Help with my sprayer

Discussion in 'Pesticide & Herbicide Application' started by sandy creek, Dec 15, 2010.

  1. sandy creek

    sandy creek LawnSite Member
    Posts: 96

    just got a lesco skid sprayer and spent a little time this evening learning how to work it. Going to calibrate it tomorrow but put a 4 gpm nozzle on it and adjusted the pressure till I got it to go shoot 4 gpm, then put on a 2 gpm nozzle. Also got 4 gpm. All of this is pretty new to me, am I doing something wrong? Also to get the 4 gpm I had to run the pressure to about 180 psi. The manual said to adjust to 100 psi. Any and all advice/help is welcome.
     
  2. RigglePLC

    RigglePLC LawnSite Fanatic
    Posts: 11,904

    We have a pump expert on here. He will chime in I am sure. Meanwhile--the nozzle does not control the amount you spray--rather it is called a 4 gpm nozzle because at that flow rate the pattern will be consistent and uniform. 3/8 or 1/2 inch hose? How long? Friction loss in a long hose is major. I am thinking 180 pounds is excess. Very hard on the hose and pump. Why do you need 4 gpm? 2 gpm is better for weed control and your tank can go twice as far between fillups.

    But perhaps you plan to mix fertilizer and herbicide like I used to do. 180 pounds is uncontrollable and will probably cause a lot of fertilizer burns. If you can use fertilizer at 3 gals per minute, that should work about right. Reduce the fert concentration in hot weather, or the grass will be toast.
     
  3. grass4gas

    grass4gas LawnSite Senior Member
    Posts: 473

    I do a little bit of liquid lawn apps using a lesco 200 gal sprayer as well.

    I adjust the pressure to calibrate the nozzle size I use. I write them down and keep em in the truck for reference...no guessing after that.
     
  4. sandy creek

    sandy creek LawnSite Member
    Posts: 96

    I've got 200 ft. of 3/8" hose. Backed the pressure down to 100psi and put on the 2 gpm nozzle (yellow). Seems a lot more controllable. With the trigger down I've got about 45-50psi on my gauge.
     
  5. sandy creek

    sandy creek LawnSite Member
    Posts: 96

    Also running the engine at about half throttle....if that makes any difference. Thanks for the replies so far
     
  6. KES

    KES LawnSite Member
    Posts: 95

    The pressure will drop when you press the trigger. Just make sure you set the engine at a rpm and leave it alone and do all the adjustments with the regulator. Doing this will make sure you are always set up at 2 gpm. I run my engine at half throttle all the time. Make sure to do a bucket check every week.

    Hope this helps.
     
  7. grassman177

    grassman177 LawnSite Fanatic
    Posts: 9,795

    once you get the gpm right, then you have to get your walking speed down to get that 2 gal sprayed over 1000sqft.

    if you find you dont like the speed at which you have to walk to get that, change the pressure up or down to match the speed you like etc.

    a personal gps speedo cheapy would be good for this, i did not learn that way though.

    also, if you mow too, stripes can be very helpful in knowing where you have sprayed and not, i love to follow stripes. i used to have a diff pace for spraying 2gal per K, one that was a bit faster for following 48in stripes, and one for 60in stripes.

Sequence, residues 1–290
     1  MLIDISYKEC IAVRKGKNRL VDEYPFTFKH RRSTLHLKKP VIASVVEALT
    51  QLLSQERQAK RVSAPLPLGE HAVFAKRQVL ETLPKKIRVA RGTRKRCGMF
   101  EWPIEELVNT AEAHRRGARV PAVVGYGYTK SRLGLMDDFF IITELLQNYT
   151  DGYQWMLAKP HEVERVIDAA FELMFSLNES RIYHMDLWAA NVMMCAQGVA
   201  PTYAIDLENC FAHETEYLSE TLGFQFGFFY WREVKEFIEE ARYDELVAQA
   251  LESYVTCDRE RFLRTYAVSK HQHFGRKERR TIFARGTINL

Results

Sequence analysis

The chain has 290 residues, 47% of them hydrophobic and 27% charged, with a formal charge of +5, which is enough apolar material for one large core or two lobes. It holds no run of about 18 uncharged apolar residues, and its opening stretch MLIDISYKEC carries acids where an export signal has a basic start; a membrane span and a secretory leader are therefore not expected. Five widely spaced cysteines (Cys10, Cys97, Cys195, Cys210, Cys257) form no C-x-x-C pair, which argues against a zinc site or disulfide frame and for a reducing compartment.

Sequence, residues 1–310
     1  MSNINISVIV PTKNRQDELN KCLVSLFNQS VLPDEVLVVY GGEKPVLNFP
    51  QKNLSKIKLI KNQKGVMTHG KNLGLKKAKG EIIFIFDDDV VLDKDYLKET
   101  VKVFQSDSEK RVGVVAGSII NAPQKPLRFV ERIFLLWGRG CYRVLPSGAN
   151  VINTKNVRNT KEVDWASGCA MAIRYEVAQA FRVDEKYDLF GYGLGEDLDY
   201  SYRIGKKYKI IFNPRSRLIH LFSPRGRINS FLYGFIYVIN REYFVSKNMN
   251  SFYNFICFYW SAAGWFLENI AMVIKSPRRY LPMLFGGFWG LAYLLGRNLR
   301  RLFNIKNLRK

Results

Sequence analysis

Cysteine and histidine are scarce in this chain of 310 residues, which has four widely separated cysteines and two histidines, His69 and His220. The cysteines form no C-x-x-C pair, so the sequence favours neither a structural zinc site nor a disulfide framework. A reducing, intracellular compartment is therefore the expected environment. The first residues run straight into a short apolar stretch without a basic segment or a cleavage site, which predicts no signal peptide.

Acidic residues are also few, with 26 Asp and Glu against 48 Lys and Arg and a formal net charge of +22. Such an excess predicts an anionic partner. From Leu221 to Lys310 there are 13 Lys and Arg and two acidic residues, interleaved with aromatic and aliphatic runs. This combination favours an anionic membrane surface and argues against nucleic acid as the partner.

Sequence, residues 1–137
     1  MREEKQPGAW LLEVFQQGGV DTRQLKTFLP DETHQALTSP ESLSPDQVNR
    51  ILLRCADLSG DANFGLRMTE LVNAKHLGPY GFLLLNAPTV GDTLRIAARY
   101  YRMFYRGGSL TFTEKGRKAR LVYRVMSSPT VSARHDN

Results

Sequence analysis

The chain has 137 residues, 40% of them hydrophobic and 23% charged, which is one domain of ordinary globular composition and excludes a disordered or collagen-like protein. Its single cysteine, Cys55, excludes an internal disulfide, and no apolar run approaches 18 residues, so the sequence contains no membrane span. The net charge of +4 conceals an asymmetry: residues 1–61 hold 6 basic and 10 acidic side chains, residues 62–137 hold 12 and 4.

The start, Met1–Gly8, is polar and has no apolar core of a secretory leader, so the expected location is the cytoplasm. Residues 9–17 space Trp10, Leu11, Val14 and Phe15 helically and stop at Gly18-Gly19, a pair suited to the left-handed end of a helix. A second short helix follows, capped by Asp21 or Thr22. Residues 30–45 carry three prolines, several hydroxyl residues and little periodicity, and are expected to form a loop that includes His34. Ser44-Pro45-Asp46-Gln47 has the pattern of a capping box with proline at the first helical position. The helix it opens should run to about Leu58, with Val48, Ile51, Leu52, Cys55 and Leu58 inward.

i sprayed two stripes at a time walking down the middle of them.
     
  8. Pumptecguy

    Pumptecguy Inactive
    Posts: 71

    sandy creek:

    The nozzle you have is based upon you already having determined you have 4 gpm. It cannot be used as a diagnostic tool to achieve 4 gpm.

    A way to calibrate is to use a ball valve on hose end and close off until your desired gun pressure is reached. Then, measure what that flow is with the bucket, scale and stop watch method. Adjust the regulator back at the pump until you can match the desired flow and pressure at the end of the hose (gun). (you will need a pressure gauge for the end of the hose)

    Do the same for the 2 gpm nozzle.

    An alternative to this is to buy a Spraying Systems '40 and '20 nozzle and calibrate this way. The '40 nozzle will allow 4 gpm at 40 psi and the '20 will allow 2 gpm at 40 psi. These pressures are 22.5% higher at 60 psi.

    The pump/regulator pressure will be higher to overcome the line loss from running all the flow through all that hose.

    I hope this helps. There is helpful information related to this in our Sponsor section.
     
  9. cgaengineer

    cgaengineer LawnSite Fanatic
    Posts: 15,782

    Unless you have a tach, running the engine at what you think is half throttle and doing it the same each time will be unlikely. Flip the throttle till it stops.
    Posted via Mobile Device
     
  10. RigglePLC

    RigglePLC LawnSite Fanatic
    Posts: 11,904

    3/8 hose is not really suitable for over 3 gal per min. When the speed of flow through the hose is too high, friction losses become huge.
    If you walk at 3 mph(too fast),--and spray 7 feet wide--you will cover 1800 sqft per minute.

    At 1 mph you will walk 88 feet per minute. At 7 feet wide that is 616 sqft per minute. Too slow. I suggest 2 mph, thereby covering 1232 sqft per minute, (at 7 feet wide). You then need 2.464 gal per minute flow rate. I would estimate you need about 120 lbs pressure, you have to find this by trial and error. But maybe Pumptec can calculate this for you. You are using the Hypro three diaphragm pump, right? Keep motor speed constant. If you install a cut-out switch to stop the motor--you can leave the throttle set at the same place all season, (I did this).
     

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